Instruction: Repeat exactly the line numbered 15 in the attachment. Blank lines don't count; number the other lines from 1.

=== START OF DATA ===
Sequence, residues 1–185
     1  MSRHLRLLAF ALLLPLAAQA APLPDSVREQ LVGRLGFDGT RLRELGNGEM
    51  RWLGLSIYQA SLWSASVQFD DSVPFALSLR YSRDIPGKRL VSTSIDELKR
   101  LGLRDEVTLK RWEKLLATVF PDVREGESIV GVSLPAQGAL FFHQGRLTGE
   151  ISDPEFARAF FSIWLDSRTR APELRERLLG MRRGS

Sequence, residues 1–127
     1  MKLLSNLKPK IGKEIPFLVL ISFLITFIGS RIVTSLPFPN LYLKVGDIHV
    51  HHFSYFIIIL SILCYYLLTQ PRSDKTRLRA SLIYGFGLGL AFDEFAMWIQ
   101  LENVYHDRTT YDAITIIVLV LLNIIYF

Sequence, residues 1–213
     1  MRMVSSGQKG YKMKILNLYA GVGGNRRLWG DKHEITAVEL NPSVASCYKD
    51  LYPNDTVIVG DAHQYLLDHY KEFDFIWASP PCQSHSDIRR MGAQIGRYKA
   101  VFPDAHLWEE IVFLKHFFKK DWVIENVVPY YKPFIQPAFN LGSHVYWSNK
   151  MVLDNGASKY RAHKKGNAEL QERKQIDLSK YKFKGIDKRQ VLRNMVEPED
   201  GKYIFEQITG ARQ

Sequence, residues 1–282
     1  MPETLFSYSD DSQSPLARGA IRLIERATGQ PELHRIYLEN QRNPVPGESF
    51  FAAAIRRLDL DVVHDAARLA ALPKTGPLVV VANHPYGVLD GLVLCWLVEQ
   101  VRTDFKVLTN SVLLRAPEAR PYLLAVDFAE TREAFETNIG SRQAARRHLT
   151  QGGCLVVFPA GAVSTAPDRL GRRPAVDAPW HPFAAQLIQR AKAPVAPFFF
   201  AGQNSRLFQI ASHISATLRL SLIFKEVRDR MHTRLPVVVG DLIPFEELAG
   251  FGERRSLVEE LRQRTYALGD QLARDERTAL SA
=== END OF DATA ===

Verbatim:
   201  GKYIFEQITG ARQ